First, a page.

In another funded study, researchers use machine learning to improve early diagnosis of pituitary pars intermedia dysfunction in horses. Also known as Cushing’s disease, this common health issue affects more than 20% of older horses.  

Organoids – miniature 3-D organ-like structures typically grown from stem cells or lab-grown tissues – serve as valuable models for studying diseases, screening and testing new drugs.  

In a newly funded study, researchers are creating organoids from cancer tumor cells, also called tumoroids, derived from cells from dogs with bladder cancer. Between 10%-30% of treated dogs show positive results to immunotherapies to treat bladder cancer. However, little is known about which dogs will most benefit from these costly treatments.  Researchers are using organoid technologies to understand better and predict treatment responses to immunotherapies in dogs diagnosed with bladder cancer.   

In a recently completed study, our funded researchers used organoid technologies to successfully identify four promising new treatments for pituitary-dependent hyperadrenocorticism, also known as Cushing’s disease in dogs. These drugs are already available for use in veterinary medicine, showed evidence of slowing pituitary tumor organoid growth and warrant further study as potential new treatments.  

Trillions of microorganisms – bacteria, fungi, archaea and viruses – live in and on our bodies. The microbiome plays many roles in health and is believed to support immune, heart, gut and brain health, among other benefits.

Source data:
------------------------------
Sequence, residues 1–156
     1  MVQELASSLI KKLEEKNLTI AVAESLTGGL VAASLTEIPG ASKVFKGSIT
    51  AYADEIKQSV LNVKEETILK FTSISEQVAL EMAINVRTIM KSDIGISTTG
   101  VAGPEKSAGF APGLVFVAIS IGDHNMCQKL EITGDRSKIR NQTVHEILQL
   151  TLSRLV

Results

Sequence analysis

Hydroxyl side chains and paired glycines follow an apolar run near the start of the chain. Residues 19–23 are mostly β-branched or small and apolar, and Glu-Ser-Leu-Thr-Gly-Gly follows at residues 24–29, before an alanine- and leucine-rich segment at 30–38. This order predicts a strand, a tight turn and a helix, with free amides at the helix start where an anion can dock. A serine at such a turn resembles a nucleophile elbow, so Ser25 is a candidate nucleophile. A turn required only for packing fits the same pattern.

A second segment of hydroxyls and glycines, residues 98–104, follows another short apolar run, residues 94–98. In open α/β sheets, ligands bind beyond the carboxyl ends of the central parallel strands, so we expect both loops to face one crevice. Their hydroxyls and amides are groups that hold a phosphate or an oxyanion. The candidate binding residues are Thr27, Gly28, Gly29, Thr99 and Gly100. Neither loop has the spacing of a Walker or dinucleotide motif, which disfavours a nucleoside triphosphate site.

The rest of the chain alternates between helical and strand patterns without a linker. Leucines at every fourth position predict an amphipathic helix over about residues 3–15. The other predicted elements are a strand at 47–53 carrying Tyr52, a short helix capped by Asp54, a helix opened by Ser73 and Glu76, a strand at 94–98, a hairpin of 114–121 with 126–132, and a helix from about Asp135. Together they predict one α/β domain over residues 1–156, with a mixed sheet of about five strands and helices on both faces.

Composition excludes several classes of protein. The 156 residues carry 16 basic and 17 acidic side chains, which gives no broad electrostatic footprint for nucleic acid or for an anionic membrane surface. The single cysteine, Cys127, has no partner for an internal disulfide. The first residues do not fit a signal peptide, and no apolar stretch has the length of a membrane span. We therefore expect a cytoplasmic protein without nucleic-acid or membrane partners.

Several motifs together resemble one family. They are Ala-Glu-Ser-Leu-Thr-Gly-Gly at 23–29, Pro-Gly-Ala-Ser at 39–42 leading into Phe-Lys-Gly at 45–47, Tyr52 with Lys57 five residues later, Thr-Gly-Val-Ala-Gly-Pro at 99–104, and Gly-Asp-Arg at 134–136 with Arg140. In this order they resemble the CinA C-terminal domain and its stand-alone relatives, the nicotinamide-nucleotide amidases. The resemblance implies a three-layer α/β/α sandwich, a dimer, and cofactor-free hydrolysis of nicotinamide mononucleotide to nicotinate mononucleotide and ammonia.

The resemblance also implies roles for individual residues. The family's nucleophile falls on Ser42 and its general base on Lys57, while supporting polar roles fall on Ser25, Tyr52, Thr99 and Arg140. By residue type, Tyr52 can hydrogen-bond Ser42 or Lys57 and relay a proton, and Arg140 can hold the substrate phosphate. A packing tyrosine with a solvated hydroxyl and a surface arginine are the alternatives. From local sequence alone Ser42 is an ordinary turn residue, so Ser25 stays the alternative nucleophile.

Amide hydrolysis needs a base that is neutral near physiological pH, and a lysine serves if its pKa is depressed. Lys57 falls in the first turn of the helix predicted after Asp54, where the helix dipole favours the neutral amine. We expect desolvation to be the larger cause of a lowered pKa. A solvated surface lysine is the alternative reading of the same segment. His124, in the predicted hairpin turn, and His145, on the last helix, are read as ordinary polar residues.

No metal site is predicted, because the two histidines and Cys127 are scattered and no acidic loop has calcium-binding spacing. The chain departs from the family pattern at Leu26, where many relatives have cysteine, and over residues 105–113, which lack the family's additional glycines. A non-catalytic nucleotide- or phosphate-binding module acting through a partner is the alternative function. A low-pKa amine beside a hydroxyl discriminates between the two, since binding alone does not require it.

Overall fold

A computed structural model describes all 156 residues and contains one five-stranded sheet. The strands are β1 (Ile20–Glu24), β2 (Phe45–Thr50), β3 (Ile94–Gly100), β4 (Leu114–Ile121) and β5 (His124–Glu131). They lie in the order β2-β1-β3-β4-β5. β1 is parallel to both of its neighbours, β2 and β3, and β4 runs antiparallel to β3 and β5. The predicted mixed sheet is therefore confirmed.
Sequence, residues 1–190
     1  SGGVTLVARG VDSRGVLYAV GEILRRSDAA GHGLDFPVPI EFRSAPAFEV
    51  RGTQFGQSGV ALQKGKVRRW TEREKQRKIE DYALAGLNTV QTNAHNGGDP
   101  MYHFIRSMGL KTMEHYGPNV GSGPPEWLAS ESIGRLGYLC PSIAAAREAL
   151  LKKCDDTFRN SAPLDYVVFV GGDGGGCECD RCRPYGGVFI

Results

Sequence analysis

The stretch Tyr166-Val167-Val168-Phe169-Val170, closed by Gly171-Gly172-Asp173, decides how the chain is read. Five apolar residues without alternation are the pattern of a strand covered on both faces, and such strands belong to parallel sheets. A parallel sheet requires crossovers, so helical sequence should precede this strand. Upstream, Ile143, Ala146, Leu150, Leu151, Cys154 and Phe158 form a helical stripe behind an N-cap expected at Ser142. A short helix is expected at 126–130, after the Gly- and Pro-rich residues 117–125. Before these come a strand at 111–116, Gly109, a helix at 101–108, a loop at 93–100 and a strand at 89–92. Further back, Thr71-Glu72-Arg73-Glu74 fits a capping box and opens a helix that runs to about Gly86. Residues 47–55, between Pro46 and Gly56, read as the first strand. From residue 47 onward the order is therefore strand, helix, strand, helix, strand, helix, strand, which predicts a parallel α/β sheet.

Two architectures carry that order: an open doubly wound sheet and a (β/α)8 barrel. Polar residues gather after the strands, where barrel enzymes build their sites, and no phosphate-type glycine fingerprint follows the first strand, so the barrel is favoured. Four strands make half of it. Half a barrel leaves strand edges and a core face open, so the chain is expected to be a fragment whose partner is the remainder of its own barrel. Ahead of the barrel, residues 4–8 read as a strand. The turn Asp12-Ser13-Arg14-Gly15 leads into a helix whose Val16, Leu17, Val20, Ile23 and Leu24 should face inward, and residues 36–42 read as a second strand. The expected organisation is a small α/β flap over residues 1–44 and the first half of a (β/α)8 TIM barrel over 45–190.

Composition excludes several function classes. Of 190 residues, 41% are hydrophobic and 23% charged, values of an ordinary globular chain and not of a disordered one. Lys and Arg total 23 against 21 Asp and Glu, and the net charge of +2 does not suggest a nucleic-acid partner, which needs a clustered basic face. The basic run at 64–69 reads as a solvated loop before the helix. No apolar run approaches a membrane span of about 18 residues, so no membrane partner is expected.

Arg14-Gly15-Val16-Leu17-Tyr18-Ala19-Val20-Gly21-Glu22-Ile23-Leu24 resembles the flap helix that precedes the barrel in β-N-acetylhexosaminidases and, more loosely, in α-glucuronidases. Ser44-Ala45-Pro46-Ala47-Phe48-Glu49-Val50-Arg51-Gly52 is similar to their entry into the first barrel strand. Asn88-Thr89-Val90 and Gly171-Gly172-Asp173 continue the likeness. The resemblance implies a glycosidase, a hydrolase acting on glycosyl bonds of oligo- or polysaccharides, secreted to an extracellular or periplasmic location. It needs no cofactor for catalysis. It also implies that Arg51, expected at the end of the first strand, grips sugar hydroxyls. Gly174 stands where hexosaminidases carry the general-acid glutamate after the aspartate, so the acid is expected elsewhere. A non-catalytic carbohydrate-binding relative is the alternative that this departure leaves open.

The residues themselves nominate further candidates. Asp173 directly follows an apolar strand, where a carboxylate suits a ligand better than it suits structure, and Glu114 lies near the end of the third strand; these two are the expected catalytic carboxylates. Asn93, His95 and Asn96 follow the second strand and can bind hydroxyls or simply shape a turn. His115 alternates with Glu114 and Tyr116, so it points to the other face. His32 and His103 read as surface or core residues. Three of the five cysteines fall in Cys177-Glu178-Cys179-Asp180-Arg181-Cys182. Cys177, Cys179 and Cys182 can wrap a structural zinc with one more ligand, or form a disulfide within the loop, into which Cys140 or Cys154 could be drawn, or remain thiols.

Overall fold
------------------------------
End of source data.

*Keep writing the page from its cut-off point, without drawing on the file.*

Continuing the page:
Morris Animal Foundation has been funding microbiome animal health research for more than a decade, starting with a study to define the bacteria living on healthy dogs' skin and establish a baseline dataset for future research into dog skin health issues, including allergies. Much of the microbiome Foundation-supported research today looks at the gut microbiome to help address obesity, gastrointestinal diseases and other health issues in pets.  

In an ongoing gut microbiome study, Foundation-funded researchers want to know if this also holds true for cats. They hope to learn why some overweight cats lose weight successfully when put on a lower-calorie or restricted diet while others do not. The team hopes their findings will inform further research on how we can modify the gut microbiome, possibly through targeted probiotics to help improve weight management in cats.   

Another research team is tackling obesity in cats with an entirely different microbiome approach – studying the feasibility of fecal microbiota transplants. This study sheds light on how the intestinal ecosystem in cats plays a role during treatment (fecal transplant) and recovery from obesity.   

Let’s not forget dogs! In another ongoing study, researchers are studying how changes in the gut’s microbial composition may contribute to chronic intestinal disorders and associated inflammation in dogs and if dietary supplements can help alleviate clinical signs for these patients.   

Science Saving Animals  
Science is ever-changing. Morris Animal Foundation believes in supporting innovation, education and inspiration and letting science and global leaders in animal health research guide us to a happier and healthier tomorrow for all animals.